Drug Discov Ther. 2010;4(2):109-122.

Calcium alginate cross-linked polymeric microbeads for oral sustained drug delivery in arthritis.

Manjanna KM, Pramod Kumar TM, Shivakumar B


After the successful optimization and development of a drug entity, design of dosage form then plays an important role. Hence, research continuously keeps on searching for ways to deliver drugs over an extended period of time. With aceclofenac, a novel NSAID used in the treatment of rheumatoid arthritis, frequency of administration may cause certain GI-adverse effects. The objective of the present research work was to develop a microparticulate oral sustained release dosage form, to reduce dosing frequency, to eliminate the dose related adverse effects and to ultimately improve compliance in the pharmacotherapy of arthritis. The microbeads were prepared by an ionotropic external gelation technique, by using sodium alginate as the hydrophilic carrier and calcium chloride as the cross-linking agent. The shape and surface characteristics were determined by scanning electron microscopy (SEM). Particle size distribution was determined by an optical microscope. The physical state of the drug in the formulation was determined by differential scanning calorimetry (DSC). While increasing the concentration of sodium alginate dispersion increased flow properties, mean particle size, swelling ratio and drug entrapment efficiency. The mean particle sizes of drug-loaded microbeads were found to be in the range 596.45 ± 1.04 to 880.10 ± 0.13 μm. The drug entrapment efficiency was obtained in the range of 63.24-98.90% (w/v). The release of drug from the microbeads at pH 1.2 is negligible. Under neutral conditions, the beads will swell and the drug release depends on swelling and the erosion process resulting in an optimum level of drug released in a sustained manner which exhibits zero-order kinetics.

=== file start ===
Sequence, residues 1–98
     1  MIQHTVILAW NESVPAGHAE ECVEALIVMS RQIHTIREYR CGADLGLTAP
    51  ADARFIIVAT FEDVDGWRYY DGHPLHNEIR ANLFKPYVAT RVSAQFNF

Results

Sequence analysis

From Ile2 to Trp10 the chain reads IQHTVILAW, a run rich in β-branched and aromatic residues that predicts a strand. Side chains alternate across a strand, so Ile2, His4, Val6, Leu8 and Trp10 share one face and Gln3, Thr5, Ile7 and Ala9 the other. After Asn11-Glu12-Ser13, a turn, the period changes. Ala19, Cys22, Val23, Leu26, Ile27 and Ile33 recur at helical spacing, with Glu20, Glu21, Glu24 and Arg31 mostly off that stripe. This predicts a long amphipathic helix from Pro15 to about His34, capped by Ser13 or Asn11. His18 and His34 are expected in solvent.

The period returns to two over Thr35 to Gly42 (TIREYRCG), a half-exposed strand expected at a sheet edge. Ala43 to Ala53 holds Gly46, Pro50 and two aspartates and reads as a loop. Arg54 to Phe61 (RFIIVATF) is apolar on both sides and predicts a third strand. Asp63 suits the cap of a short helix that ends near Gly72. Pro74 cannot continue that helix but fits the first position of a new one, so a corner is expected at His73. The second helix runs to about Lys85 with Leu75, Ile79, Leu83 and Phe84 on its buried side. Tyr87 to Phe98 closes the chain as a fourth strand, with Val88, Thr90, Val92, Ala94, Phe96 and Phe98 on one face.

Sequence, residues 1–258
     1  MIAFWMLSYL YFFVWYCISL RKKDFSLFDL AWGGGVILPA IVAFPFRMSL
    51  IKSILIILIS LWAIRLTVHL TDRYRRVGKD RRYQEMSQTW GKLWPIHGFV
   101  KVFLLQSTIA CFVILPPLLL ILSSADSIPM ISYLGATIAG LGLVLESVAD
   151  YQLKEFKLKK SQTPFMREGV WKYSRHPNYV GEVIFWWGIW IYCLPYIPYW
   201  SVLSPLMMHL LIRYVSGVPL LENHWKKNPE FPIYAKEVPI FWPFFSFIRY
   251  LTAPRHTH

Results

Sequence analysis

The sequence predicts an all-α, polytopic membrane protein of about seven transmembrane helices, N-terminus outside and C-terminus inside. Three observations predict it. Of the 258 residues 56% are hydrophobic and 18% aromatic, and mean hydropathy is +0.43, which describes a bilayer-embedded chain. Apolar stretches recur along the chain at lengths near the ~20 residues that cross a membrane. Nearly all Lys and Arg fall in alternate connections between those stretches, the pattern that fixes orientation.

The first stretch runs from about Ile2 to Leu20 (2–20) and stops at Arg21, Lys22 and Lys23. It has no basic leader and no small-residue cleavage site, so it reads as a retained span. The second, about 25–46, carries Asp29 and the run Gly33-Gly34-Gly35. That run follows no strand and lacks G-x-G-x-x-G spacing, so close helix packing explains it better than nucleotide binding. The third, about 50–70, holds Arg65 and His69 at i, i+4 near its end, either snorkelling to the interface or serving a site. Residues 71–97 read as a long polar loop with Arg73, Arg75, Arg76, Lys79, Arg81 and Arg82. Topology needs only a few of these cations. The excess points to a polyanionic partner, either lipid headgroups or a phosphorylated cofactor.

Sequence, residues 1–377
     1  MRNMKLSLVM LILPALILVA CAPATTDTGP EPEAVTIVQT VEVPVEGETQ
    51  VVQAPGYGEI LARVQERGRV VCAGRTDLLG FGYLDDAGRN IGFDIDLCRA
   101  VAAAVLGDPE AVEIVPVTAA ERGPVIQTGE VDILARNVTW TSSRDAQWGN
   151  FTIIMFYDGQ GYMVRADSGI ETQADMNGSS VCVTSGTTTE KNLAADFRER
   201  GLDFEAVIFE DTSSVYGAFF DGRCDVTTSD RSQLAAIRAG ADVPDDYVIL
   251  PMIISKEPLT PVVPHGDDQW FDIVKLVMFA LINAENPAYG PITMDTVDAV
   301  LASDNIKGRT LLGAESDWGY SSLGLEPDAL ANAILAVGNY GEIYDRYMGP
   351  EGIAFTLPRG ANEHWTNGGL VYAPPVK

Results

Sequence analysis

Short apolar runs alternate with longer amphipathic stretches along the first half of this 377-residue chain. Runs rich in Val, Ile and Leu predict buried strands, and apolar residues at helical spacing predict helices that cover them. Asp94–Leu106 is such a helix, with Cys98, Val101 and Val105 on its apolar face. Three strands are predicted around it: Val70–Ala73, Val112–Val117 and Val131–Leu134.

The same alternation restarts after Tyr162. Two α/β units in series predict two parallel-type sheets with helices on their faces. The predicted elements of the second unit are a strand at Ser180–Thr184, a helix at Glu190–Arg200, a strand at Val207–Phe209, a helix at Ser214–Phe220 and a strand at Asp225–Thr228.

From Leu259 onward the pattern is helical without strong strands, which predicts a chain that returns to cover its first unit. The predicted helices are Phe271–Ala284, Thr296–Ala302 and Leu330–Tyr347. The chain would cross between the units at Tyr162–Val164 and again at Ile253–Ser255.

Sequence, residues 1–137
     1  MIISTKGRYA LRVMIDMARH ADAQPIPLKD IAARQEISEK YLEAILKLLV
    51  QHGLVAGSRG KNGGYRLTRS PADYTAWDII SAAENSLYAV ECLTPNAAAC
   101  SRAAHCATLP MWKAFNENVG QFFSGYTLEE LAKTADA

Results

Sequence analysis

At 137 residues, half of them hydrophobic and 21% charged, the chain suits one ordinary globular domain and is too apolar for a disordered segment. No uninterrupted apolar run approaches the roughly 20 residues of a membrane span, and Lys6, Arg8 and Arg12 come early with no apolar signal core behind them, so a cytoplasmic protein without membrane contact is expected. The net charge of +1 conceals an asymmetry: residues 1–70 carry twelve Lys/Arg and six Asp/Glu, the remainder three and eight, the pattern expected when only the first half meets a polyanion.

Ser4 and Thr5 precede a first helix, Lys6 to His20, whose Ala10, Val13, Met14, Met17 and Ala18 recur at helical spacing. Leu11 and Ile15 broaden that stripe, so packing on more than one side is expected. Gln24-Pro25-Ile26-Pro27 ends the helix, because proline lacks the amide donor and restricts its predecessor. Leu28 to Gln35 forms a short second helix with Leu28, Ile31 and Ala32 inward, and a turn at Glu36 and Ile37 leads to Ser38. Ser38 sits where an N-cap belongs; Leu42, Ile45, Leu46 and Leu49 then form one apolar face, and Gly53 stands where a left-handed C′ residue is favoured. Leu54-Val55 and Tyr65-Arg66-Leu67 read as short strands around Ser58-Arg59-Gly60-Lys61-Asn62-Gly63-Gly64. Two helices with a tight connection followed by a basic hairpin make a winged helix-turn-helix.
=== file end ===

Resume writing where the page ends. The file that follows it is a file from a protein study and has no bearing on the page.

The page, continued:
KEYWORDS: Oral sustained release, sodium alginate, aceclofenac sodium, ionotropic external gelation, zero-order kinetics

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